Tower of Light, by Michael H. Brown, his most powerful book since The Final Hour -- a book of huge coming events. Focusing on two prophecies since 1990, Brown shows how world events, effects in nature, evil in society, and bizarre creations of man -- from synthetics to genetic manipulation of humans themselves -- are bringing us to an incredible tipping point in human history, the brink of fantastic change, a struggle that will involve an anti-christ, Jesus, and a coming mysterious manifestation. CLICK HERE
OCEANS SERVE AS PROPHECY AND TESTIMONY TO TIPPING POINT WE HAVE REACHED WITH CREATION
[adapted from Michael H. Brown's Tower of Light]
Dozens of biologists with no political axe to grind say the seas have reached a tipping point, a "slow-motion disaster" with which, we might add, God can not be happy.
For He created those seas before even He created land and the fate of humans is attached to them. Thus, we pay attention.
The very blood that courses through our veins bears similarities to seawater.
We are all connected in ways that are not commonly fathomed and such links are being breached, according to overwhelming evidence.
That fact alone edges mankind toward a correction, or "purification."
While we often think of abortion, sexual immorality, and irreligion as reasons for chastisement, the degradation of His Creation also factors into the equation.
In fact, the sea is like a prophecy itself and I was alarmed at what was transpiring across those great, gargantuan waters that until recent times -- until ships, until satellites and transatlantic flights, until drift nets -- seemed endless.
We are learning that the oceans are huge but far from infinite.
There are those who see signs in the oceans (as Revelation itself saw such a sign) and it is tremendous to read that only ten percent of fish species aren’t under threat of monumental decline. Already, 29 percent of edible fish and seafood species have declined by ninety percent. If the current rate continues, the oceans will be devoid of most stocks, according to one study, by the mid-point of this century.
In major parts of the world, salmon have all but disappeared, and there are the whales, the countless whales and sharks that have been killed by Japanese or Norwegians or others who thought it more important to have a delicacy than to preserve forms of life that are not only a huge creation of God but also of great intelligence. It is to the point where they can count (at less than a hundred) all the right whales that migrate each year up the East Coast of the United States (they even have names for them).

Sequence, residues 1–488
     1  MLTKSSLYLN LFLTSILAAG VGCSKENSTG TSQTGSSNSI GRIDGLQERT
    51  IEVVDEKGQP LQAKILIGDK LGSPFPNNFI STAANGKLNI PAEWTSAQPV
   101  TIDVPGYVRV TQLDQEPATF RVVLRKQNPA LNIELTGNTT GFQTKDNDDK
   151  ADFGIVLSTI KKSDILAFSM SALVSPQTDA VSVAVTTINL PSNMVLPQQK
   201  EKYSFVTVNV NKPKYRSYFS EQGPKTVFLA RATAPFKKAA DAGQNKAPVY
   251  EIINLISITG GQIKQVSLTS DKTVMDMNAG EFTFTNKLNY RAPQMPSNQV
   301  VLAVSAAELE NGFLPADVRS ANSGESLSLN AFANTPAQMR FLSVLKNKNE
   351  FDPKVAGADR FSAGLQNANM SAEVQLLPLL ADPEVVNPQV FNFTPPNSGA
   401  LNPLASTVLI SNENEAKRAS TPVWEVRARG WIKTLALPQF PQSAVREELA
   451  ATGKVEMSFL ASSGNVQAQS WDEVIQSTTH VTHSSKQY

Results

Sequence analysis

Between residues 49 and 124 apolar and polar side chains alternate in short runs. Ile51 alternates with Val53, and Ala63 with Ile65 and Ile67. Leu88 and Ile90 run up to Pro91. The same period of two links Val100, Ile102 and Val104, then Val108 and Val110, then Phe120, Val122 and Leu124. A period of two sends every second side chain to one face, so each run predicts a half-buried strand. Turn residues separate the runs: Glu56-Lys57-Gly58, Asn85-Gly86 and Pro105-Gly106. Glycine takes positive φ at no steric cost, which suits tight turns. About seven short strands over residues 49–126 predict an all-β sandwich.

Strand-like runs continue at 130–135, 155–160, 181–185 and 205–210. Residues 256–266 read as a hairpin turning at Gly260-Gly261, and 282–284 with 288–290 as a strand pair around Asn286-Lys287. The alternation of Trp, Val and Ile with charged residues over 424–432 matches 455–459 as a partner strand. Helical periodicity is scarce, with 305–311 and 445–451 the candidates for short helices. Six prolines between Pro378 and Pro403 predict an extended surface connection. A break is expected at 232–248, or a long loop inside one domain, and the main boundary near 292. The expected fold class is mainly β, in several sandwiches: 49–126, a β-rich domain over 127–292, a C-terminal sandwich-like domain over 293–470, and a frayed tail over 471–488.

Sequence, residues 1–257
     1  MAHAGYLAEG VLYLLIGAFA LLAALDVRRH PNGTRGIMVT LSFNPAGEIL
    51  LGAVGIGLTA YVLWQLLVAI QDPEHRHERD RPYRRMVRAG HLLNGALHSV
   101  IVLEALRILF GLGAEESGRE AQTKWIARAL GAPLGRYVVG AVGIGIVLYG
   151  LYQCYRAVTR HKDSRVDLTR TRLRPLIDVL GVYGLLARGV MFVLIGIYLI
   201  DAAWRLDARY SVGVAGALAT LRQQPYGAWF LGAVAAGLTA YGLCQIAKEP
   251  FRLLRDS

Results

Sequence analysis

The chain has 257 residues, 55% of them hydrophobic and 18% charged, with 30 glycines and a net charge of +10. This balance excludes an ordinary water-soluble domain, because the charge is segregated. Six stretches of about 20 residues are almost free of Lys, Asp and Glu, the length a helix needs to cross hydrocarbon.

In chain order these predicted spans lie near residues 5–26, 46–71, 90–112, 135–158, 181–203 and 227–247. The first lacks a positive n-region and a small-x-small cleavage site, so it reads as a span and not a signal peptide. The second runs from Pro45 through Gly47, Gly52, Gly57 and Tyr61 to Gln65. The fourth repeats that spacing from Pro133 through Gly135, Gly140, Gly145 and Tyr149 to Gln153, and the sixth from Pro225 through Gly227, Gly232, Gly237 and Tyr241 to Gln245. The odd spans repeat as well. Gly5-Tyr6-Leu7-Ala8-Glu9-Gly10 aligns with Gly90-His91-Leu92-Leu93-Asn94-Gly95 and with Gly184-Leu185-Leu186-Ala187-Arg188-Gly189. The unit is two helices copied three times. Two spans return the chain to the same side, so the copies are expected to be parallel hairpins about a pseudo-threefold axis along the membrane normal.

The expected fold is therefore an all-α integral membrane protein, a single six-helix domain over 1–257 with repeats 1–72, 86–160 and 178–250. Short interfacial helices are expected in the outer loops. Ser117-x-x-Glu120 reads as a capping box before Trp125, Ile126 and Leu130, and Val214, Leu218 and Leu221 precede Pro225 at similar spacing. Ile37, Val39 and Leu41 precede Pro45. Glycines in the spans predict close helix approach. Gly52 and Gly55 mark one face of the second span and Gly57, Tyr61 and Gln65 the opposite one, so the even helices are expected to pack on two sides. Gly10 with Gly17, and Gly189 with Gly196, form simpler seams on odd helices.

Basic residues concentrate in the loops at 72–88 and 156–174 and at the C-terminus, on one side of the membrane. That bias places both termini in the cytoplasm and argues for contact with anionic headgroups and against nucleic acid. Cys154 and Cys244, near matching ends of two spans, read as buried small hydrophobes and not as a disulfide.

Every day, fishermen are killing at least a thousand sea mammals unintentionally – by use of equipment that scrapes and scours the ocean floor, raking everything without concern about long-term effects: this because Satan wants to destroy the earth and all that God created. He does. He is always enraged.
We have come surprisingly close to depleting the oceans (already blue-fin tuna are almost extinct, and only five to thirty percent of cod remain, as just two examples, which is hardly what God meant when He said to subdue the earth), and yet we continue to destroy them as sport or toss them out of swank restaurants if there is any imperfection (just throw it in the bin).
Up to forty percent of all our food is thrown out.
Can you imagine if you were the Creator?
As far as the waste of any natural resource, the papal preacher, Fr. Raniero Cantalamessa, once said (please heed): "When all were satiated, Jesus ordered: 'Gather up the fragments left over, that nothing may be lost,' 1 Corinthians (11:20-22). We live in a society where waste is habitual. In fifty years, we have gone from a situation in which one went to school or Sunday Mass carrying one’s shoes to the threshold, so as not to wear them out -- to a situation in which virtually new shoes are discarded so as to adapt to the changing fashion."
When will we come to our senses?
Whatever our politics, do we really believe we can continue our wanton wastefulness -- that resources are without limit?
It is wrong to kill any living creature without a reason, and it is wrong to destroy their habitats – to plow down wetlands for high-rises that blocked the ocean’s view for the sake of those with money that was often made in businesses that also had transgressed against the environment. Let's face it: even those leaders who count themselves among the faithful have paid more attention to the whims of industry and realtors and developers than they have to the teachings of Jesus.
Along the Atlantic where I live brown pelicans come by in small flocks but are about all that is aloft over waters that were once teeming, that still have a catch, but that are over-fished by both the commercial trawlers who spread themselves across the horizon – grabbing the delicacy of shrimp – and overzealous sportsmen who are not cautious enough, who senselessly kill fish they can’t eat, or who laugh with great mirth if a pelican gets caught in one of their lines and they have to yank it by its leg up to the pier.
Large bait fish are hooked through the eyes and if unused, tossed like trash.
When small sharks are caught, they often already have two or three hooks embedded in their mouths (from previous "sport" catches).
Tons of unwanted baby fish caught in nets as "by-caught" by shrimpers are tossed dead into the ocean near Daytona Beach (again, like garbage).